Wednesday, December 7, 2011

2011-12-07 "California's population growth slows; Solano sees an exodus" by Matt O'Brien from "MediaNews Group"
California now has 37.5 million residents but the state population is growing at one of the slowest rates in its history, according to new estimates released Tuesday by the Department of Finance.
Continuing a trend of fewer immigrants, fewer births and more Californians moving elsewhere, the state's population grew by just .7 percent in the last year, a slight increase over last year's growth rate of .65 percent.
"The last really healthy growth year we had was 2003," said state demographer John Malson.
A down economy has deterred immigration for years and caused some longtime residents to leave, but since 2008 the birth rate has also been in decline.
"We always had a fairly high fertility level. Now it's dropped below replacement levels," Malson said.
California's child-bearing women now have an average of 1.9 children, which is below what is considered the replacement level of 2.1, he said.
The state added about 325,000 people since the U.S. Census Bureau took its once-a-decade count in April 2010.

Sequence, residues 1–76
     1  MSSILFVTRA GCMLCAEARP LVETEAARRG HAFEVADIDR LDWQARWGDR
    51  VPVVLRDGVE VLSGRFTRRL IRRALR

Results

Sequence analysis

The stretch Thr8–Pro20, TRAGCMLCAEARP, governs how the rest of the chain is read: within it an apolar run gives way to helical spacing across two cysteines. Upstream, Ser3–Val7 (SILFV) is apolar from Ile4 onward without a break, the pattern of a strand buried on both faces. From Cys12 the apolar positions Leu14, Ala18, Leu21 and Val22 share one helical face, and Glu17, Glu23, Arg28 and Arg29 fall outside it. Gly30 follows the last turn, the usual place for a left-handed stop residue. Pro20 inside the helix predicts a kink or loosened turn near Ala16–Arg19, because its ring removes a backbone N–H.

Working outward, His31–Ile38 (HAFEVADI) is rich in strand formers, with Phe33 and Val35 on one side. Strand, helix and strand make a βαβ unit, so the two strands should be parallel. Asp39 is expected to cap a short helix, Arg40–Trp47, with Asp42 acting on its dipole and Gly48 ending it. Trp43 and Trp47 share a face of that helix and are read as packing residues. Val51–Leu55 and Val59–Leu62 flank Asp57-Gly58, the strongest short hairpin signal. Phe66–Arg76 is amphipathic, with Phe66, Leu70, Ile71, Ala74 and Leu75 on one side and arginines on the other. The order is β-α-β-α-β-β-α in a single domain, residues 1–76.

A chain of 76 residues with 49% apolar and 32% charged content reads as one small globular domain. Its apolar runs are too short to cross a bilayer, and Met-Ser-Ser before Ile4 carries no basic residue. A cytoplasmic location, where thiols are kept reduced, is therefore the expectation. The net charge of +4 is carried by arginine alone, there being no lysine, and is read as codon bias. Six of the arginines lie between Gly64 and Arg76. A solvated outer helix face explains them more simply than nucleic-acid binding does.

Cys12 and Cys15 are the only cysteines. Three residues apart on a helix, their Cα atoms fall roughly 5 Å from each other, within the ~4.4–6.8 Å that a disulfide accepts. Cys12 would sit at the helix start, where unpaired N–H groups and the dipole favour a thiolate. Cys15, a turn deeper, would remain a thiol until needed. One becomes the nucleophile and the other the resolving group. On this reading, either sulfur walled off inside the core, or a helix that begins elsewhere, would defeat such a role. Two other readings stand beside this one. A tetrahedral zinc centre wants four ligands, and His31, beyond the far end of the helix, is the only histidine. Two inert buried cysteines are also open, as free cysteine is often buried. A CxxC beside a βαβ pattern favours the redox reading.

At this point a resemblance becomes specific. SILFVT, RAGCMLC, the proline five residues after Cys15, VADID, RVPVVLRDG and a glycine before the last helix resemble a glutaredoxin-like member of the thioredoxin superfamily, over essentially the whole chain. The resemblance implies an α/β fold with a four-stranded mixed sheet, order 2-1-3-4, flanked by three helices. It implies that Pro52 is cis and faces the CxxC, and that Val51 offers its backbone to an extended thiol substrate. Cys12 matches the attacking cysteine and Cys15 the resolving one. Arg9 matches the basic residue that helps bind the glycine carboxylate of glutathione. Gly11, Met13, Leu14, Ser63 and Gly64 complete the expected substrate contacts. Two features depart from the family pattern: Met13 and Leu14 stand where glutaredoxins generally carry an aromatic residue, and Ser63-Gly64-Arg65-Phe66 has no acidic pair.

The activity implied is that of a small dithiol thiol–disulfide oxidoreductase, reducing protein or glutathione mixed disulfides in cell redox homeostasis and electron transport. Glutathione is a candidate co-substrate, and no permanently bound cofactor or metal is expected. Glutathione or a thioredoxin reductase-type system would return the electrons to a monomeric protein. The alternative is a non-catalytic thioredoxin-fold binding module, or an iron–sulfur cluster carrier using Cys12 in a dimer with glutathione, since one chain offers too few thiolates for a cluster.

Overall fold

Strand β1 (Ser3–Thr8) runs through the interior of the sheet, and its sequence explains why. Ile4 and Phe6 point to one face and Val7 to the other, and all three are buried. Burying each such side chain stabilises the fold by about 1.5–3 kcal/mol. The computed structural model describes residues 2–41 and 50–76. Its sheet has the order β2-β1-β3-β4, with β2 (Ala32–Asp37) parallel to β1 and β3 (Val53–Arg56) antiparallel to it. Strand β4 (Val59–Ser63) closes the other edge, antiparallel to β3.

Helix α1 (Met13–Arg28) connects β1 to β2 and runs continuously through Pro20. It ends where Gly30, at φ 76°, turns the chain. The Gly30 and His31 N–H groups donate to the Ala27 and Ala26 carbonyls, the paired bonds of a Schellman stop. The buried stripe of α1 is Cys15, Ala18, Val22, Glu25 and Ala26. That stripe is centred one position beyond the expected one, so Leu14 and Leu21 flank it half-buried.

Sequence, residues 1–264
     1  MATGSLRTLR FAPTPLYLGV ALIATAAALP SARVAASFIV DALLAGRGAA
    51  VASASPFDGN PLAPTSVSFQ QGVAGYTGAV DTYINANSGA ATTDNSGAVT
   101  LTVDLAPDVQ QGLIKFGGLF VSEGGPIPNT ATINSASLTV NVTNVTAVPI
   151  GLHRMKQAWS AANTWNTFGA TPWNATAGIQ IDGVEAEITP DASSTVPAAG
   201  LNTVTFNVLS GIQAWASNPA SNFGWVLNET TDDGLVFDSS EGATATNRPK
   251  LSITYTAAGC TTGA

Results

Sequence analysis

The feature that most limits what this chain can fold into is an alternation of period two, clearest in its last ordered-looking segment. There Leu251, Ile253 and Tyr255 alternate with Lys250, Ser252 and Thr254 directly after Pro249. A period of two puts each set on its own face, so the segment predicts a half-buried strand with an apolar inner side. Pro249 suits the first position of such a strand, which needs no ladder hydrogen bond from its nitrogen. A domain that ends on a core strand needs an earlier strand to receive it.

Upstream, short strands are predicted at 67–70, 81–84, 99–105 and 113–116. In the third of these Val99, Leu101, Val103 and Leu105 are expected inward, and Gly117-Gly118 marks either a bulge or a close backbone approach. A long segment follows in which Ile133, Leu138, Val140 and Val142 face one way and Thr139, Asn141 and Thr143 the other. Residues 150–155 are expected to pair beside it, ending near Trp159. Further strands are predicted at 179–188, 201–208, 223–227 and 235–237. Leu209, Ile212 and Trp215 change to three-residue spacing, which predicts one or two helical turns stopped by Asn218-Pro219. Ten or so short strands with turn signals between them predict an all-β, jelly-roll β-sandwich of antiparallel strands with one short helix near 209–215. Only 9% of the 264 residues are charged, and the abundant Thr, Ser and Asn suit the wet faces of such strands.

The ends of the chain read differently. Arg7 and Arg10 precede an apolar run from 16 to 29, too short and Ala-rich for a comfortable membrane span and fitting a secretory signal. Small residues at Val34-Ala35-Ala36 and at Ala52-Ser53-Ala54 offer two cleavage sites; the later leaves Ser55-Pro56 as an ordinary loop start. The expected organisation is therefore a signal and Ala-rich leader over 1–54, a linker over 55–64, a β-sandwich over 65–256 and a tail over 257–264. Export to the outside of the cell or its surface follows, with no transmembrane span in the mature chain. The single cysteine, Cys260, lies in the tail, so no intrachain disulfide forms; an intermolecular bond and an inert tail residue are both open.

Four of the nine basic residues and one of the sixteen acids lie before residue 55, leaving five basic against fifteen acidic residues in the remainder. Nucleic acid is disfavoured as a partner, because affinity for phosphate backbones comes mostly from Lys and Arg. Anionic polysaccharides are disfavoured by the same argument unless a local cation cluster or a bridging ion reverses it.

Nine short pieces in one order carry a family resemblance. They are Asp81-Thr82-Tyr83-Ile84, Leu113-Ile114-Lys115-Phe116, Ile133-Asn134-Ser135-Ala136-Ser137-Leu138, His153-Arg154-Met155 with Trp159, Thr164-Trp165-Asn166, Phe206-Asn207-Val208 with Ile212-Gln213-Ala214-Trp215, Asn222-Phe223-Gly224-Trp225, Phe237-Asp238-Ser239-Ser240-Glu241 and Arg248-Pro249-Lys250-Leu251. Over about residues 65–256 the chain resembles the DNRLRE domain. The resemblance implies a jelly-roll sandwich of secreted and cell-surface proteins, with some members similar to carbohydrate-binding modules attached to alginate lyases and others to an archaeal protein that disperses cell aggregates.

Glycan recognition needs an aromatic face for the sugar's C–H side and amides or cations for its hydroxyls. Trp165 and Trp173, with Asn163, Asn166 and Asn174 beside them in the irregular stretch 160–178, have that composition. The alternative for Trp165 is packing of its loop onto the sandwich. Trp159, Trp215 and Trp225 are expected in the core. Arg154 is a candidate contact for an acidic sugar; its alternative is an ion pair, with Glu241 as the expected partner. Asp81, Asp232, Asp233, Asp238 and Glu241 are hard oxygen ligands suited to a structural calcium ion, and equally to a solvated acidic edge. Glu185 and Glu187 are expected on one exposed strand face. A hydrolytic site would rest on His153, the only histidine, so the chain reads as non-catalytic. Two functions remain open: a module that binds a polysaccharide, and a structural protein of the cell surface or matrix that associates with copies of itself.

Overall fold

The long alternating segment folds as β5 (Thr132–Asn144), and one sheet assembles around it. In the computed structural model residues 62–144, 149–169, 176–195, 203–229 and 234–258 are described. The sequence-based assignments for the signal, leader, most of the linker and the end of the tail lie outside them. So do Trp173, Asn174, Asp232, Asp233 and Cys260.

Solano County had the biggest exodus in the Bay Area, losing about 2,000 people who moved elsewhere. Because of births, however, the county still grew by 415 people.
The Bay Area's biggest counties grew faster than the state as a whole in the last year. Santa Clara grew just over 1 percent to reach a population of 1,805,861. Alameda County grew by .8 percent to reach 1,525,955, and Contra Costa County grew by .85 percent to reach 1,061,132.
"The Bay Area has not suffered the economic downturn nearly as much as other parts of California," Malson said.
In Napa and San Francisco counties, net migration was the primary source of growth. In most other counties, more people moved out than moved in and births were the primary growth factor.
Eighteen of the state's 58 counties experienced population decline, most of them in the Sierra Nevada and the rural north. Riverside and Imperial counties grew the fastest.

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